“Companies must be better and more efficient in their use of these platforms, and they must be able to shift more toward data collection rather than leaving it to third-party suppliers.” “This will improve your service and allow you to deliver to your end-customer,” he explained.
According to Omar Al Olama, Minister of State for Artificial Intelligence, Digital Economy, and Remote Working System, the workforce will also play an important role in the sector, and finding the right talent will be the most difficult part of creating an ecosystem.
“There are some things that money cannot buy.” You can build the infrastructure and invest in it, but getting people to use it and build something meaningful with it is the most difficult task. “The quality of talent is what allows people to leverage infrastructure to build something meaningful,” he told the audience.
The Abu Dhabi Department of Economic Development expanded its freelance professional licence programme last week, adding 11 new commercial activities to the list as it seeks to improve the emirate’s business environment and create more technical jobs in order to attract and retain talent.
Attractive pay packages will also be a draw, according to a recent Mercer report, which shows that UAE employers are planning a hiring spree in 2022 and raising salaries by an average of 3.6% as the post-Covid-19 recovery accelerates demand for jobs.
The UAE is taking an inclusive approach to attracting talent, and the government is advocating for more public-private partnerships in order to develop a more sustainable business environment.
“We don’t want to come with a stick, we want to come with a carrot: we want to work with the private sector, invest in their infrastructure and bring the talent – any way that is going to create a paradigm that does not exist anywhere else, and create solutions in a very short period of time that will become globally relevant,” he added.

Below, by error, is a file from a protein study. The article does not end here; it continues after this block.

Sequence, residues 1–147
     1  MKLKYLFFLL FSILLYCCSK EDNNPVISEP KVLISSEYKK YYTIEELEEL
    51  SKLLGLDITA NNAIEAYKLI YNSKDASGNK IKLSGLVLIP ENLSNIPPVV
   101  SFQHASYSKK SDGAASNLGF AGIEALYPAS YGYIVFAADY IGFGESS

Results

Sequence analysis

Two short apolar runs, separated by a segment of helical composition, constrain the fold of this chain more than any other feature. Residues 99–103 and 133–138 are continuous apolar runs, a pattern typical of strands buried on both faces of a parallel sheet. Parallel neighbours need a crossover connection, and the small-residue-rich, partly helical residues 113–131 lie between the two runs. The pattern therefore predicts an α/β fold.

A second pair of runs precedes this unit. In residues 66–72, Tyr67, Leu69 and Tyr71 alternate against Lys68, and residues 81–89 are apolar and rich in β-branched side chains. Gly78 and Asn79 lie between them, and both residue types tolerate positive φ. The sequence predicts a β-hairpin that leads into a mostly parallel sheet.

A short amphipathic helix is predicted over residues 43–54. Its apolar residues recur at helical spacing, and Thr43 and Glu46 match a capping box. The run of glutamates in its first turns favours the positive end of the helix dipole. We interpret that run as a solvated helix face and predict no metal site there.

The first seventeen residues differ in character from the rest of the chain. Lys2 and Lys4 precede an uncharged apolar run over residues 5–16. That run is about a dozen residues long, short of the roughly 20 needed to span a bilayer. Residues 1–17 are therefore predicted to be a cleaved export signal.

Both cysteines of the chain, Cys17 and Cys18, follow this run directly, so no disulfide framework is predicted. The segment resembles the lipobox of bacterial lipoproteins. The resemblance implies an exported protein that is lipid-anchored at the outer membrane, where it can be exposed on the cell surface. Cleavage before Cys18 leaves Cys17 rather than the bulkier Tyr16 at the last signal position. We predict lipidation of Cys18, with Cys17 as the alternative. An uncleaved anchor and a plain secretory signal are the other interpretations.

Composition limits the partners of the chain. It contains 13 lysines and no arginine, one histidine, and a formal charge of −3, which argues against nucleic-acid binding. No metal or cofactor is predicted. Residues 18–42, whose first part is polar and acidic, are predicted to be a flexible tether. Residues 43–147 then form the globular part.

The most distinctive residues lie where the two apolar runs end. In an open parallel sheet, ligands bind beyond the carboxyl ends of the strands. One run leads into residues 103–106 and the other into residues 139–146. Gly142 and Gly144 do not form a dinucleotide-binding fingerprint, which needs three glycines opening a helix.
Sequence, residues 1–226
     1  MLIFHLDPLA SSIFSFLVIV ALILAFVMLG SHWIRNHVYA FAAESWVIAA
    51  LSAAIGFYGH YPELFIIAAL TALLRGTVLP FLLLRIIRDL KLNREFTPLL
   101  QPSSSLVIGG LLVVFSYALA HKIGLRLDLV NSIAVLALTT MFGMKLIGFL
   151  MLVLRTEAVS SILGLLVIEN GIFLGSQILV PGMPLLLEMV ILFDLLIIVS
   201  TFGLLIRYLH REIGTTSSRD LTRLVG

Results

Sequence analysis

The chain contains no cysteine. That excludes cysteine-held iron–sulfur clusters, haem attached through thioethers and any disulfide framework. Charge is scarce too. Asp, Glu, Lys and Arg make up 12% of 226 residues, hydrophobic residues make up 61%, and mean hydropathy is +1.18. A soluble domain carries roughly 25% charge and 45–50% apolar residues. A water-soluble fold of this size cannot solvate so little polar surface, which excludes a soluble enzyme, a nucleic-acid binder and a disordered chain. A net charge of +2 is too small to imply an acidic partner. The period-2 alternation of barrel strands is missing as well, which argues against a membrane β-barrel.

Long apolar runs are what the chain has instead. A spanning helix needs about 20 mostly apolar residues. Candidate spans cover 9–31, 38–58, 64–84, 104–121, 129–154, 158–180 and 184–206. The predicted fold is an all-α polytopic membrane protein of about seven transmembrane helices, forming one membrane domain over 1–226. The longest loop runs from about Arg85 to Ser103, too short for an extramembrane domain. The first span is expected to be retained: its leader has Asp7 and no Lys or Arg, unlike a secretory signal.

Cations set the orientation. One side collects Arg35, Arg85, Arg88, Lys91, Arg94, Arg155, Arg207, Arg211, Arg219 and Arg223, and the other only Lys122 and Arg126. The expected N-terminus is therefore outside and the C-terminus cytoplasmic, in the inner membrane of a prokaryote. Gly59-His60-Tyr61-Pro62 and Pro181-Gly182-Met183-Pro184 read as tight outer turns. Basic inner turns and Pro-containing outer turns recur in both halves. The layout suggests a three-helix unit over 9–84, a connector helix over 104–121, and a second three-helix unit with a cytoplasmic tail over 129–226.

Meanwhile, Lord Gerry Grimstone, the UK’s Minister for Investment, stated that London is in the process of initiating free trade talks with the GCC, which he hopes to complete within the next 12 months.
He emphasized the importance of combining multilateralism – an alliance of multiple countries working toward a common goal – and free trade flows with technology as an essential part of keeping trade channels open and ready to face any future crises.
“Multilateralism is responsible for the world’s current state. But, for multilateralism to work, it must live up to its responsibilities of being genuine, efficient, and effective, according to Lord Grimstone.
“The benefit of free trade and investment flows is that it greatly accelerates the adoption of new technologies.” Money, of course, flows, but so do technology and expertise. “Investment is becoming more sustainable, and it is frequently driven by digitalization.”
Bradley Jones, executive director of the UK-UAE Business Council, stated in September that any trade agreement between the GCC and the UK will include two key elements: tariff reduction and non-tariff barrier removal.